Alsmadi, S., (2006). The Power of Celebrity Endorsement in Brand Choice Behavior: An Empirical Study of Consumer Attitudes in Jordan. Journal of Accounting- Business & Management, 13, pp. 69-84.
Amos, C., Holmes, G. and Strutton, D. (2008). Exploring the relationship between celebrity endorser effects and advertising effectiveness: A quantitative synthesis of effect size. International Journal of Advertising, 27(2), pp. 209-234.
Atkin, C. and Block, M. (1983). Effectiveness of Celebrity Endorsers. Journal of Advertising Research, 23(2), pp. 57-61.
Balakrishnan, L.,& Kumar, C. S. (2011). Effect of celebrity based advertisements on the purchase attitude of consumers towards durable products- A study with reference to the city of Chennai. World Review of Business Research, 1(2), pp. 98–112.
Bowman, J. (2002), Facing Advertising Reality, Media Asia, Vol. 7(26), pp. 14-15.
Bradley, S. (1996). Marketers are always looking for Good Pitchers. Brand Week, June, pp. 63-68.
Clark, R. C. and Hortsman, I. J. (2003). Celebrity Endorsements “Is celebrity advertising effective Business Standards” Available from www.bu.edu/e.con/seminar/micro/pdffav/celebendorse. bu.pdf. Retrieved December 1, 2015.
Cooper, M. (1984). Can celebrities really sell products? Marketing and Media Decisions, September, pp. 64-65.
Croft, R., Dean, D. and Kitchen, P. J. (1996). Word of Mouth Communication: Breath of Life or Kiss of Death? The Marketing Education Group Conference. The Department of Marketing, University of Strathclyde, Glasgow, pp. 47-50.
Crutchfield, D. (2010). Celebrity endorsements still push product. Advertising Age, pp. 22.
Dickenson, N. (1996). Can Celebrities Ruin a Launch? Campaign, May 3, pp. 24.
Erdogan, B.Z. (1999). Celebrity endorsement: A literature review. Journal of Marketing Management, 15(4), pp. 291-314.
Erdogan, B. Z., Baker, M. J. and Tagg, S. (2001), Selecting Celebrity Endorsers: The practitioner's Perspective, Journal of Advertising Research, Vol. 41 (3), pp. 39-48.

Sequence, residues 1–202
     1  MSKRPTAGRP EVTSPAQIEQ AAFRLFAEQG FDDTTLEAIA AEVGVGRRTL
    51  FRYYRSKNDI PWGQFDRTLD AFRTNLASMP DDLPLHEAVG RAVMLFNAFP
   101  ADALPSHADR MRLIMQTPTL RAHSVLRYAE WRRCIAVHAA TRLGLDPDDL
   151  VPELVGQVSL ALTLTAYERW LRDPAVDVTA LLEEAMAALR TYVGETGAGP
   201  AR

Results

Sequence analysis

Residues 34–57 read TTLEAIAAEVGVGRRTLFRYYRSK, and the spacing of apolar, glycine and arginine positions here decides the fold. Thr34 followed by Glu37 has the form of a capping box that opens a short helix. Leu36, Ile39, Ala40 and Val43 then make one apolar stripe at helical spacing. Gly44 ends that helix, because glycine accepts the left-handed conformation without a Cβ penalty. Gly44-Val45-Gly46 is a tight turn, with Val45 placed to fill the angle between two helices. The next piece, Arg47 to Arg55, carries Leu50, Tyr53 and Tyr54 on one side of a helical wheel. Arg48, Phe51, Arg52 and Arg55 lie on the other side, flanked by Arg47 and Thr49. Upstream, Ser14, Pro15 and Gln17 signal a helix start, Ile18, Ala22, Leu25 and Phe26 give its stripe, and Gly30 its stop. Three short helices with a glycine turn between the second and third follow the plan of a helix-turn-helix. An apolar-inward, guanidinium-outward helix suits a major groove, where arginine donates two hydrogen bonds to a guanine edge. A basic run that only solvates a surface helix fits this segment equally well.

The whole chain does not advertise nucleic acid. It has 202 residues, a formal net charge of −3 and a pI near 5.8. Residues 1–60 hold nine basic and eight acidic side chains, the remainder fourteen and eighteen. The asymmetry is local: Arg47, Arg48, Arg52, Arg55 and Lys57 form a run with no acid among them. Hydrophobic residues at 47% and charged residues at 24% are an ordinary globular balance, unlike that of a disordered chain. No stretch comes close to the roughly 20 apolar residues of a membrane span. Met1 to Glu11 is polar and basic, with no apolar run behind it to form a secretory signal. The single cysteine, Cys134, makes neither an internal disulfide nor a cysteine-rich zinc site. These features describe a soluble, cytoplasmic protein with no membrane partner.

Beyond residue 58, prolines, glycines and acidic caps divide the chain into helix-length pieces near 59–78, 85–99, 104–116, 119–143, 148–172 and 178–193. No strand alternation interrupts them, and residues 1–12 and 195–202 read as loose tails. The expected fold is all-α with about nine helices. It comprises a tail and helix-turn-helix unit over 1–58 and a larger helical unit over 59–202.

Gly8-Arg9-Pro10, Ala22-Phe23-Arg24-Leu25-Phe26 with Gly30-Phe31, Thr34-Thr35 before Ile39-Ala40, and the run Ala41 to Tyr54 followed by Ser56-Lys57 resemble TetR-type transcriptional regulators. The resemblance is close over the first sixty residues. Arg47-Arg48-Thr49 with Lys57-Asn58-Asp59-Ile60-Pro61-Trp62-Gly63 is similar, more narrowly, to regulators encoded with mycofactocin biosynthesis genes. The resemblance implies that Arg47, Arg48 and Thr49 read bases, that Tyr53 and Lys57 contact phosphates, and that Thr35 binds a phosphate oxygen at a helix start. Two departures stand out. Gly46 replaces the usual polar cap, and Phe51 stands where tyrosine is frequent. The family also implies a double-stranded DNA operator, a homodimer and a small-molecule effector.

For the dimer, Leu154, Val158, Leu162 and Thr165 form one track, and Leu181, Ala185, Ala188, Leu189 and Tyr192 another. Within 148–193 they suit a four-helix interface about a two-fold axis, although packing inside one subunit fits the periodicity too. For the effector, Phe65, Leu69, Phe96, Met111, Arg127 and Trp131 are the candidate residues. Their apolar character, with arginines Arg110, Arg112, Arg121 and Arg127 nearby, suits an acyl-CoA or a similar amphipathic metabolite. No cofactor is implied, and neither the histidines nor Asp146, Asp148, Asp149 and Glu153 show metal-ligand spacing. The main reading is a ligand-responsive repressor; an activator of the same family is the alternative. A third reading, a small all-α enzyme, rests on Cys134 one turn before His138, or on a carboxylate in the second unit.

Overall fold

Goldsmith, R. E., Lafferty, B. A., and Newell, S. J. (2000). The Impact of Corporate Credibility and Celebrity Credibility on Consumer Reaction to Advertisements and Brands. Journal of Advertising, 29, pp. 43-54.
Han, O. W. and Yazdanifard, R. (2015).The Review of effectiveness of Celebrity advertising that Influence Consumer’s Perception and Buying Behavior, 15 (4), pp. 23-29.
Kaikati, J.G. (1987). Celebrity advertising. International Journal of Advertising, 6(2), pp. 93-105.
Kambitis, C., Yvonne, H., Nicholas, T. and Giannis C. (2002). Sports advertising in print media: The case of 2000 Olympic games. Corporate communication: An International Journal, 7(3), pp. 155-161.
Klebba. J.M. and Unger, L.S. (1982). The Impact of Negative and Positive Information on Source Credibility in a Field Setting. Advances in Consumer Research, (Eds.) Richard P. Bogazzi and Alice M. Tybout Vol. 10, Provo, Utah: Association for Consumer Research, pp.11-16.
Mathur, L. K., Mathur, I., and Rangan, N. (1997), The Wealth Effects Associated With a Celebrity Endorser: The Michael Jordan Phenomenon, Journal of Advertising Research, 33, pp. 67-73.
Malik G. and Guptha, A. (2014). Impact of Celebrity Endorsements and Brand Mascots on Consumer Buying Behavior. Journal of Global Marketing, 27, pp. 128-143.
McCracken, G. (1989). Who is the celebrity Endorser? Cultural Foundations of the Endorsement Process. Journal of Consumer Research, 16, pp. 310-321.
Mishra, A. S., Roy, S. and Bailey, A. A. (2015), Exploring Brand Personality–Celebrity Endorser Personality Congruence in Celebrity Endorsements in the Indian Context. Psychology & Marketing, 32(12), pp. 1158–1174.
Misra, S., and Beatty, S. E., (1990). Celebrity spokesperson and brand congruence. Journal of Business Research, 21, pp. 159–173.
Mooij, M. D. (1994). Advertising Worldwide: Concepts, Theories and Practice of International, Multinational and Global Advertising (2nd ed.). London: Prentice-Hall International Inc.
Mowen, J.C. and Brown, S.W. (1981). On Explaining and Predicting the Effectiveness of Celebrity Endorsers. Advances in Consumer Research. (Ed.) Kent B. Monroe, Vol. 8, Michigan: Association for Consumer Research, pp. 437-441.
Ohanian, R., (1991). The impact of celebrity spokespersons' perceived image on consumers' intention to purchase. Journal of Advertising Research, 31(1), pp. 46-52.